Where does this leave us?  It leaves us with the reality of ecstasy as a form of consciousness that involves specific areas of the brain. It is a form of consciousness that a large portion of the human population experiences, even without drugs.  How do we evaluate this form of consciousness given its subjective nature?  People generally frame the answer as either a reference to a reality "out there" that is being experienced, or a reality that we have constructed inside our heads.  In the first case, the brain is thought to work like a filter or a gateway through which another reality is tapped.  In the second case, the brain is thought to construct the reality as its own personal fantasy.

I wonder if there might be a third option.  When we consider the human acquisition of language, we know how much this acquisition transformed our reality as a species.  Our ability to create and use language opened up for us realities that we could never have perceived had we continued being restricted to making a few animal sounds and following our instincts.  Our brain made it possible for us to talk and think using language, and reality got a whole lot bigger for us because of this.  Might the same thing be going on with ecstatic states of consciousness?  Is our brain circuitry making it possible for us to expand our reality yet again?

Thursday, April 10, 2014

Very exciting news about the Jesus Wife fragment

It is very exciting news that the scientific tests have come back with a thumbs up for the antiquity of the papyrus fragment that mentions Jesus' wife and her discipleship.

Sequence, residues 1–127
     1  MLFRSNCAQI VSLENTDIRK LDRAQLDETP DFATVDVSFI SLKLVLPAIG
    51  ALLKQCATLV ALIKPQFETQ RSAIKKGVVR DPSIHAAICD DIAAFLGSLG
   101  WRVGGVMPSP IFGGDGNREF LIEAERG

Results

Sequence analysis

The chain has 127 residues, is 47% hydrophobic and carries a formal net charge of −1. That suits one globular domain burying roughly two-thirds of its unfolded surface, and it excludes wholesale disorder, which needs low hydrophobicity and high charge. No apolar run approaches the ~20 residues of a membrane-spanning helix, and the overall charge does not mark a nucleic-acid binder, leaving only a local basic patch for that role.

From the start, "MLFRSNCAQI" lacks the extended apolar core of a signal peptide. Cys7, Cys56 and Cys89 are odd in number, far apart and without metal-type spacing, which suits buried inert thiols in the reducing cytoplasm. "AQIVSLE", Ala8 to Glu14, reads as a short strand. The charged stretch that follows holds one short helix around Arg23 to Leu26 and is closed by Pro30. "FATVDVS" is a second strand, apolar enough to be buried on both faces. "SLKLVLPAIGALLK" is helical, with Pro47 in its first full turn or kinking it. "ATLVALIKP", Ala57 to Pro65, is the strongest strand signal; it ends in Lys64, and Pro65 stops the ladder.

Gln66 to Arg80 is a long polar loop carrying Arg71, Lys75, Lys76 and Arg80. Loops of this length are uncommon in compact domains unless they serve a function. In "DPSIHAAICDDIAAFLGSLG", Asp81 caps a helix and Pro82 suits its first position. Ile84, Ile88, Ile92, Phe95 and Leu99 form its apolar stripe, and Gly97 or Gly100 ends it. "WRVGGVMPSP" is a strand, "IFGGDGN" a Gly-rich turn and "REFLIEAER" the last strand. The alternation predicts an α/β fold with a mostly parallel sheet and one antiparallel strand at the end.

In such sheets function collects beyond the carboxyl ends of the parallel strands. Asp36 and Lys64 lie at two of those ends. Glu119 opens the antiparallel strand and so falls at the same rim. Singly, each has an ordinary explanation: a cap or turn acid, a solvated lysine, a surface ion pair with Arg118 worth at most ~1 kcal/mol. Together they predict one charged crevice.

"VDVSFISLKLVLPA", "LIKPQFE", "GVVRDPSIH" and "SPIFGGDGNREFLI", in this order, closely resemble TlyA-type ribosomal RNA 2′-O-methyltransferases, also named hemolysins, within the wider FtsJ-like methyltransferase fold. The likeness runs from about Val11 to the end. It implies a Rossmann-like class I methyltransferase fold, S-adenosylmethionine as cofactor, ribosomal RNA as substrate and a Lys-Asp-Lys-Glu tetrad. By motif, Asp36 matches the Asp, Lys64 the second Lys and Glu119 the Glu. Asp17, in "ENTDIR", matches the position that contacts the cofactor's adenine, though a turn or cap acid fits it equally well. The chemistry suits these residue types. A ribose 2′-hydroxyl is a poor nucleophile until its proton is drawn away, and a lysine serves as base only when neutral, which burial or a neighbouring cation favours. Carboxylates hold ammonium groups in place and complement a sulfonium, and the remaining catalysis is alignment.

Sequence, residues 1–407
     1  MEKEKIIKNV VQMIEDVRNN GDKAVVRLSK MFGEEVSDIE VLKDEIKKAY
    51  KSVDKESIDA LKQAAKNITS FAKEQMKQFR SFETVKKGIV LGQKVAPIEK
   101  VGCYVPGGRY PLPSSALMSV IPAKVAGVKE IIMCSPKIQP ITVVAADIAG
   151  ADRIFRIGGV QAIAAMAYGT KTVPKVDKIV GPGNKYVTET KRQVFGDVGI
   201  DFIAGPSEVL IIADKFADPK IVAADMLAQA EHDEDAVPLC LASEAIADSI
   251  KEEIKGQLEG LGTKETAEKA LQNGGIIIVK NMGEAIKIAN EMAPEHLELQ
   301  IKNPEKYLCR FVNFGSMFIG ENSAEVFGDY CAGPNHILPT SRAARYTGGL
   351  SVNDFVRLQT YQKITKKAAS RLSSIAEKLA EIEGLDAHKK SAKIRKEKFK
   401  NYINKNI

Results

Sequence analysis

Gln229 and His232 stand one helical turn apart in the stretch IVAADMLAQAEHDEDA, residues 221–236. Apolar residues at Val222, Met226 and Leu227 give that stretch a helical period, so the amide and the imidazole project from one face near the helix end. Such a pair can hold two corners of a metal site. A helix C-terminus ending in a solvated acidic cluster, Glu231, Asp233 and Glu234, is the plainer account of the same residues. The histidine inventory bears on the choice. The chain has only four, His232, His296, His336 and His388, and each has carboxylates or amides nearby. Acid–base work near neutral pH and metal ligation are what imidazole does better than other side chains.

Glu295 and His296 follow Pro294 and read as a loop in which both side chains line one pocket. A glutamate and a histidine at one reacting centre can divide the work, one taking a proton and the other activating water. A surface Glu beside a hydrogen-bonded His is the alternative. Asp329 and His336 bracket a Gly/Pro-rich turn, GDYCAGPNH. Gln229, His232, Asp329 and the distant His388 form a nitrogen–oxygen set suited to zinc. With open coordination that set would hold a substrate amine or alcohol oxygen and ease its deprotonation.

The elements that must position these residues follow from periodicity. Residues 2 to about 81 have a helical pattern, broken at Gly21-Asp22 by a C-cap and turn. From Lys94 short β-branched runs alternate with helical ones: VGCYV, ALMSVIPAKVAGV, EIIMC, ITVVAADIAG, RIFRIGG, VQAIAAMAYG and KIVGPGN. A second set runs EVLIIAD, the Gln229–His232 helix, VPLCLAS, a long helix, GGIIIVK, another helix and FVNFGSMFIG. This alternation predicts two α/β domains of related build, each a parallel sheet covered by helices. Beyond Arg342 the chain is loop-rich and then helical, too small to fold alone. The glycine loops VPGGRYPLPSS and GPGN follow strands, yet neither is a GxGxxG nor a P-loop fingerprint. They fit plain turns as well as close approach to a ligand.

The fragment is now dated between the 4th and 8th centuries according to the latest reports. 

When it first came out, I suggested that it was a fragment indicative of Valentinian Gnostic theology where Jesus and Mary Magdalene were spouses, and she was his disciple.  I see no reason to alter this opinion now that the reports have come back on the document's antiquity. 

There is more to read about this in the New York Times HERE.  Now that its antiquity has been authenticated, Karen King's article on the Gospel of Jesus' Wife is finally being released in the Harvard Theological Review HERE  

This whole "event" has impressed upon me again the problems that we have with our traditional forms of biblical analysis which rely on outdated concepts of "sources" and "redaction" and "dependence."  It brings home that we should be cautious and humble about what we can really know and what we can't.  Sometimes history can surprise us.

Saturday, March 15, 2014